Gere’s activities have not just made Hollywood apparently reluctant to cast him in big films, he says they once resulted in him being banished from an independently financed, non-studio film which was not even intended for a Chinese release.

    “There was something I was going to do with a Chinese director, and two weeks before we were going to shoot, he called saying, ‘Sorry, I can’t do it,’” Gere recalled. “We had a secret phone call on a protected line. If I had worked with this director, he, his family would never have been allowed to leave the country ever again, and he would never work.”

    See also How China’s Censors Influence Hollywood.  Because the Chinese market is so large…(Fast and Furious 7 pulled in $388 million in China, more than it made in the US)…the influence of the Chinese regime on US film production and distribution has become immense.

    In recent years, foreign filmmakers have also gone out of their way not to provoke the Communist Party. For instance, the 2012 remake of the Cold War action movie, Red Dawn, originally featured Chinese soldiers invading an American town. After filming was complete, though, the moviemakers went back and turned the attacking army into North Koreans, which seemed a safer target, at least until last year’s hack of Sony Pictures.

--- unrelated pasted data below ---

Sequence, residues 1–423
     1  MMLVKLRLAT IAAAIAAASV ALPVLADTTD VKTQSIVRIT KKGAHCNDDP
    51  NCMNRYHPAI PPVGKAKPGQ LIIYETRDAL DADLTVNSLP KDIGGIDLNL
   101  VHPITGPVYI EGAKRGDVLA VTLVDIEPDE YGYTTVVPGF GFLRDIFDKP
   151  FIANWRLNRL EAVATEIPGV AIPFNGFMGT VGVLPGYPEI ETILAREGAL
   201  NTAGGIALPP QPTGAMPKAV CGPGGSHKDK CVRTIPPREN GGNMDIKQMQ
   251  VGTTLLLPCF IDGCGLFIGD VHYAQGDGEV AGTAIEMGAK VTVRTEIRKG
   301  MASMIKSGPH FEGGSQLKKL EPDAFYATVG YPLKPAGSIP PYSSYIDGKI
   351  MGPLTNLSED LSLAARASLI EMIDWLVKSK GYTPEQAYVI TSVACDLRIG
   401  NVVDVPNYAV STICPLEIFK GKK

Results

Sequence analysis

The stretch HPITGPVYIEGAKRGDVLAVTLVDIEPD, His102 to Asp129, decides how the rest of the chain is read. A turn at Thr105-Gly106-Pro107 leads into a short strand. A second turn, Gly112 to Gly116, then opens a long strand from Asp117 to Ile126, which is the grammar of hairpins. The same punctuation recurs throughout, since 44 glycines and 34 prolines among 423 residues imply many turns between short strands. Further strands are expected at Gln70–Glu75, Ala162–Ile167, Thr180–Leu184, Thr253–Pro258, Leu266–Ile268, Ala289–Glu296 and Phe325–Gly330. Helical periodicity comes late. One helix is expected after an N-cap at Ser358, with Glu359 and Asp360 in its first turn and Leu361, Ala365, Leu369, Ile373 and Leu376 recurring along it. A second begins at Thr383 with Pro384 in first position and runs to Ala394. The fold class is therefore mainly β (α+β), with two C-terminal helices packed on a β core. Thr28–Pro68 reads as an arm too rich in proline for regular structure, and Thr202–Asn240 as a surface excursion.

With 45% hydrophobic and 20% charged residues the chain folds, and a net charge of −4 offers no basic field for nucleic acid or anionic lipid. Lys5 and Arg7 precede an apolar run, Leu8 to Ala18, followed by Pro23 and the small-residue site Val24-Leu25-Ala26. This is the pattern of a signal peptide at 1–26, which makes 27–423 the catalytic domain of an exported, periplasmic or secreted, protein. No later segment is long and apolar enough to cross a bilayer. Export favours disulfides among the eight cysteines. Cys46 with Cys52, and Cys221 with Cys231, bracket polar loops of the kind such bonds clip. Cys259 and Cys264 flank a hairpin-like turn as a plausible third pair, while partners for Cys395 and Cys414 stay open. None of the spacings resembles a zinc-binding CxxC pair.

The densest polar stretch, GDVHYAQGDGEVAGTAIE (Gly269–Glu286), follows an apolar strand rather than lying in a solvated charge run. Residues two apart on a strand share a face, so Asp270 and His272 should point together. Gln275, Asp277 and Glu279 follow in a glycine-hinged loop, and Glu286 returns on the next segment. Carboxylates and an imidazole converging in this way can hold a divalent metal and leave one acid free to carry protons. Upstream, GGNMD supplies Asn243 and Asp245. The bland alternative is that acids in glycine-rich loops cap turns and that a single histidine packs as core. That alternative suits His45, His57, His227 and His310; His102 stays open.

and

    Ying Zhu, a professor of media culture at the College of Staten Island at the City University of New York, worries China’s growing market power is giving the Communist Party too much leverage over Hollywood.

    “The Chinese censors can act as world film police on how China can be depicted, how China’s government can be depicted, in Hollywood films,” she says. “Therefore, films critical of the Chinese government will be absolutely taboo.”

    In the late 1990s, when China’s box office was still small, Hollywood did make movies that angered the Communist Party, such as Seven Years In Tibet, about the life of the Dalai Lama, and Red Corner, a Richard Gere thriller that criticized China’s legal system. Given the importance of the China market now, Zhu says those movies wouldn’t get financing today.

    Plus, Chinese companies have snapped up Hollywood studios, theaters and production companies.

     

    One point about globalization of trade that is rarely noted is that it gives foreign governments–especially those in countries where business and government are closely coupled–greatly increased leverage over American political discussion, indeed, over America’s entire public dialogue with itself.

    And this influence isn’t limited only to business organizations.  It is reported that the Chinese government has established extensive influence organizations targeting American universities and academic institutions, which are of course some of the most money-hungry organizations in existence.  See Foreign Policy on China’s Trojan Horse.